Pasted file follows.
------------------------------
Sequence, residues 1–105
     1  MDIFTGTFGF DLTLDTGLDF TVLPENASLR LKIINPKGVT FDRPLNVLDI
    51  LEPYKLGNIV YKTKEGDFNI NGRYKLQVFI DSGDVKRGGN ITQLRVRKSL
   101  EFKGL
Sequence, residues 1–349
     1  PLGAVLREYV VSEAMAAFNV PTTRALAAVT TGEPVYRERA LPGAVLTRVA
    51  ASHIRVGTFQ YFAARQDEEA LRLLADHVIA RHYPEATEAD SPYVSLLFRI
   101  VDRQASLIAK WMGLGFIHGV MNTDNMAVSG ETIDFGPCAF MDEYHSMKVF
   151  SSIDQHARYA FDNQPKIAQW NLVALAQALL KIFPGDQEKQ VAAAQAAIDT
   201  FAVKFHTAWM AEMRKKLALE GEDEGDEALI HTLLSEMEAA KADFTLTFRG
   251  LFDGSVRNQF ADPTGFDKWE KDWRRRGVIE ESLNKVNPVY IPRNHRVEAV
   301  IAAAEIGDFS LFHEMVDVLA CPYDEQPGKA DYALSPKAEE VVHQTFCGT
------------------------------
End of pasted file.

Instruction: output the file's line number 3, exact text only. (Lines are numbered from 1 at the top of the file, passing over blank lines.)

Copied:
    51  LEPYKLGNIV YKTKEGDFNI NGRYKLQVFI DSGDVKRGGN ITQLRVRKSL